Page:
Recommended by: Natasha Moullen, Librarian, Main TeenZone

Fearless Finances: A Timeless Guide to Building Wealth by Cassandra Cummings
Fearless Finances is a life altering how-to book about wealth-building and everything you did not know about investing. Cassandra Cummings breaks down the confusion of finance in manage steps that will guide readers to make informed choices. Cummings wrote this book to better support women of color so they can financially protect themselves and their families. Cummings includes narratives from various women she's worked with as examples of different ways women have succeeded in investing. I highly recommend this book for anyone interested in getting confident with money and investing for wealth. Take pride in reading this licensed financial advisor and Oakland native's phenomenal book on "building generational wealth with clear and actionable investment strategies"!
Recommended for: Teens, Adults
Recommended by: Shani B, Children's Librarian                                                 

Hawk Mountain by Conner Habib
Hawk Mountain is a psychologically intense story about a single father, Todd; his son; and Jack, who tormented Todd in high school and shows up out of the blue, manipulating himself back into Todd's life. Conner Habib's tale is brutal in every sense of the word. With graphic murder, raw emotion, and deep secrets rooted in insecurities, he brings you along a downward spiral that is as difficult to stomach as it is to put down.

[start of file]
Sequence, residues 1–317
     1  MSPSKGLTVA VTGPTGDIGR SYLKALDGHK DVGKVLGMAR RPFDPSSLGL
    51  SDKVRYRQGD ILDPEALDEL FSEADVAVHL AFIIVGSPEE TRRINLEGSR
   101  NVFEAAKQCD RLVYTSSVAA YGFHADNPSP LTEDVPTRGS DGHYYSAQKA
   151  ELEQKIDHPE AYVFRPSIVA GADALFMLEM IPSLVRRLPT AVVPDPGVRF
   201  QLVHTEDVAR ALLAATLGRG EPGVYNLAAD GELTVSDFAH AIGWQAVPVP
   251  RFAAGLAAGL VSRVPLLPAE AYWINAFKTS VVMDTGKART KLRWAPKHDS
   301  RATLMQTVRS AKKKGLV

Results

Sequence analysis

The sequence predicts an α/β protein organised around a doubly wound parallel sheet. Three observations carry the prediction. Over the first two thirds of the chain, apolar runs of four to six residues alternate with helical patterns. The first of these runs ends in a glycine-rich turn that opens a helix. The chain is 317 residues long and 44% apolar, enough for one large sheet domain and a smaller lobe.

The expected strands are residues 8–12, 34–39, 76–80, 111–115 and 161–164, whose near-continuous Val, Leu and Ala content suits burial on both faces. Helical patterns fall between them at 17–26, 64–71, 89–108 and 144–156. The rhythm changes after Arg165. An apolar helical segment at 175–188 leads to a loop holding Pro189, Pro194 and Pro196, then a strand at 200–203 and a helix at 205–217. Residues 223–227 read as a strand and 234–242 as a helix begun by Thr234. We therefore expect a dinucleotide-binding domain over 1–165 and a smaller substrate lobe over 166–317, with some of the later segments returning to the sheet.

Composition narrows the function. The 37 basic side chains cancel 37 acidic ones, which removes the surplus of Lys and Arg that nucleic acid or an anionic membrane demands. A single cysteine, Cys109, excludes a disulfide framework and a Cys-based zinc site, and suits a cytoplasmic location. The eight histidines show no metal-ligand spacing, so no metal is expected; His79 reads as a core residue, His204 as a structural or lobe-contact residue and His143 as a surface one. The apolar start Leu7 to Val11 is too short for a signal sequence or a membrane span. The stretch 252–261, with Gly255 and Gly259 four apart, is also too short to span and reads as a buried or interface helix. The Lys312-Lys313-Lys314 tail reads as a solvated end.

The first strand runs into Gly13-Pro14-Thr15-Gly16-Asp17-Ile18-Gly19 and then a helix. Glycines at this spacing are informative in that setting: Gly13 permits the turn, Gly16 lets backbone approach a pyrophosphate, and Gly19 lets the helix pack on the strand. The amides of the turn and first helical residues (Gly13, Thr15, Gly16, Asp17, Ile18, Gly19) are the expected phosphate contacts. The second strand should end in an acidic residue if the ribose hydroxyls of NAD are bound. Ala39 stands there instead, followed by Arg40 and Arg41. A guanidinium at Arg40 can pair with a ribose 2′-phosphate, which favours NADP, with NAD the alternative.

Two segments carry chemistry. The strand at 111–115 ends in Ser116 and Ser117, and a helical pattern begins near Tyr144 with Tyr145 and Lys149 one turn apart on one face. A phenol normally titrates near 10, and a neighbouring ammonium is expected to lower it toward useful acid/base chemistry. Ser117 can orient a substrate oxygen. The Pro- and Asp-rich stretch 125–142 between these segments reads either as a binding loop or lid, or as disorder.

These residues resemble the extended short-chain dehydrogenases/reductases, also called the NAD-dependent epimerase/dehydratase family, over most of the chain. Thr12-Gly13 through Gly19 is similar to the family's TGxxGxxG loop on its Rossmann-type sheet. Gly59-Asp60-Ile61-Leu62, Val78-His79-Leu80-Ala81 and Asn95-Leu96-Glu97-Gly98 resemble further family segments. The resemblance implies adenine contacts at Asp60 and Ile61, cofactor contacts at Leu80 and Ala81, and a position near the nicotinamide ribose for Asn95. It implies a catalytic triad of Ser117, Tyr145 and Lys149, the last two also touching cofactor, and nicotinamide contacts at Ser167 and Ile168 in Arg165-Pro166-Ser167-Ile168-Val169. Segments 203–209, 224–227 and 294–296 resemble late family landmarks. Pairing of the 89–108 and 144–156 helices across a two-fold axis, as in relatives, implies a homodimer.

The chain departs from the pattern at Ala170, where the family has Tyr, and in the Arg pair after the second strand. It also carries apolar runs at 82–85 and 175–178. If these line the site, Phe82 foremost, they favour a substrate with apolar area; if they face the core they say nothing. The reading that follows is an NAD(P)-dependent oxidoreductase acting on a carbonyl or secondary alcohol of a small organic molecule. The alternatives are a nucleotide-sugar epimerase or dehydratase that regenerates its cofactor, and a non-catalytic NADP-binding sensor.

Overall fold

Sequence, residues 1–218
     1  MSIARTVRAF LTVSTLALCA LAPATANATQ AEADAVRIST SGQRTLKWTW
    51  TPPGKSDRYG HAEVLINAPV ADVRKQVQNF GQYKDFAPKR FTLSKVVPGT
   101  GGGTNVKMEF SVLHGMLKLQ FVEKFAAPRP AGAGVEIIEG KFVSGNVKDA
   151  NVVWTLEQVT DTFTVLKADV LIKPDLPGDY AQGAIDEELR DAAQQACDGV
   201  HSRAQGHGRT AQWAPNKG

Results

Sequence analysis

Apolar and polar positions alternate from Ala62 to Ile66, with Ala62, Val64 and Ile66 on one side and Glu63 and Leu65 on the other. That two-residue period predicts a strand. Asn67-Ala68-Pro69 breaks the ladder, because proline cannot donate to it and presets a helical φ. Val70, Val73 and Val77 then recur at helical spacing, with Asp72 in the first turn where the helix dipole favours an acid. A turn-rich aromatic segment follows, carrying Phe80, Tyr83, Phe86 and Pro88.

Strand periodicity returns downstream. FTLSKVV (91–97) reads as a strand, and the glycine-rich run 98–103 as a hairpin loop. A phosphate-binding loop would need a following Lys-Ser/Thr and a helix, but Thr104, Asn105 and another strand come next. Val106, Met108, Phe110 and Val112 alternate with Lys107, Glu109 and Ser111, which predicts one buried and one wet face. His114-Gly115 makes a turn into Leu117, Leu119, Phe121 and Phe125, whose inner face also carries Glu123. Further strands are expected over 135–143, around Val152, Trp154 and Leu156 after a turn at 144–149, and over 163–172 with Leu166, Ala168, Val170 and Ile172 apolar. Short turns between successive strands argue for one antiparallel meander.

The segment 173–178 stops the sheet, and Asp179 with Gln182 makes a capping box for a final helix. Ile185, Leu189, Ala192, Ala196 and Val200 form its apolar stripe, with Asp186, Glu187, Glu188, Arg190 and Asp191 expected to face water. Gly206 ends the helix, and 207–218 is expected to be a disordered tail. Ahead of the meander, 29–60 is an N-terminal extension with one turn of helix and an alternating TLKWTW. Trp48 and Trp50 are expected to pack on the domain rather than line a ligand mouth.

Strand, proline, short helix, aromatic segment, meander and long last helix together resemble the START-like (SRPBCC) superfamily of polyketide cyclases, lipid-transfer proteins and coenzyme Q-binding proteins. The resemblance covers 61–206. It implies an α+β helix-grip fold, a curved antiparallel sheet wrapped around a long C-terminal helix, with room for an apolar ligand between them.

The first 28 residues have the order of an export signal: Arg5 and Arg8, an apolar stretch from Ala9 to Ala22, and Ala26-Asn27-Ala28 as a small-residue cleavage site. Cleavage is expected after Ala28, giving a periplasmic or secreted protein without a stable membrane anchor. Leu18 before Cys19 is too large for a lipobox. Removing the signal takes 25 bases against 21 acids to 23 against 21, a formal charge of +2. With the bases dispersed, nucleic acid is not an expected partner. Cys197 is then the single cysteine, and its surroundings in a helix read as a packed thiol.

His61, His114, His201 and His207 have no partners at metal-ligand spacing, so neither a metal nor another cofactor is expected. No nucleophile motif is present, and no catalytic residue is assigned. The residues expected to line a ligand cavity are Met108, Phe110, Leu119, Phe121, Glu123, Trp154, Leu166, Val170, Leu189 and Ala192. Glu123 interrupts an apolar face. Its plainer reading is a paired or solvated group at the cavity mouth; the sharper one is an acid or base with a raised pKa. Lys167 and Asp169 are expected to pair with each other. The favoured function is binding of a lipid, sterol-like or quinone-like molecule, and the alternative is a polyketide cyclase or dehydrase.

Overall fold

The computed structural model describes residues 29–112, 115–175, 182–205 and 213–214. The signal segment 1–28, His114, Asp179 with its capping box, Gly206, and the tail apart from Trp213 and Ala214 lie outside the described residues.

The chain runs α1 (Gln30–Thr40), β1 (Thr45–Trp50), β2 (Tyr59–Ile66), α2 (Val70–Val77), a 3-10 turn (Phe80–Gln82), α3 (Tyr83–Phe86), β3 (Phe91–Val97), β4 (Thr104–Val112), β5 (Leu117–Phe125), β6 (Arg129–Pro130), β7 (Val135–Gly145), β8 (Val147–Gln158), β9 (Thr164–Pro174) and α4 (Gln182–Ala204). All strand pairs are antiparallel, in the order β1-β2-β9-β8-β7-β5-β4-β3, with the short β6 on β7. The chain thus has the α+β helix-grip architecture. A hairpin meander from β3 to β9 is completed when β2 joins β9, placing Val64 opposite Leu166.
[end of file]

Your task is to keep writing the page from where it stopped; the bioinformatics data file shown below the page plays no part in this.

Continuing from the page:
Recommended for: Adults
Recommended by: Brian Guenther, Senior Librarian, 81st Avenue Branch                                              

The High Sierra by Kim Stanley Robinson
Renowned science fiction author Kim Stanley Robinson writes about the trails, history, and geology of the Sierra Nevada Mountains in "High Sierra: A Love Story." This book is a useful guide for those interested in exploring the Sierras, accompanied with tips on gear and ways to prepare for a backpacking trip in any weather. But more importantly, it is Robinson's personal story and how his experiences hiking and exploring isolated pockets of the outdoors has shaped his life. "High Sierra" is an excellent guidebook, memoir, and an ode to the sublime inspiration that comes from being in the mountains.
Recommended for: Adults
Recommended by: Ryan, Library Assistant, Rockridge Branch                                      

How to Build A Human: In Seven Evolutionary Steps by Pamela S. Turner
This thorough, complex, and detailed presentation of human evolution is also humorous, especially for teen and tween readers - roughly ages 10 to 16. Turner contextualizes physiological changes by describing the evolution of specific skills, grouped by topic, with examples that reference archaeological evidence of hominids from around the globe. Several notes about the concept of "race" from the author and other international anthropologists were useful, relevant, and timely. Readers will be caught up in the drama of paleoanthropology; amazed that handprints made with pigment on stone walls are found on every continent, that fossilized bones show that some hominids were alive into old age - years after their injuries or defects would have made them incapable of caring for themselves (...proving that prehistoric hominids took care of one another!), and many more stories related to specific archaeological findings. Also, the author lives in the East Bay!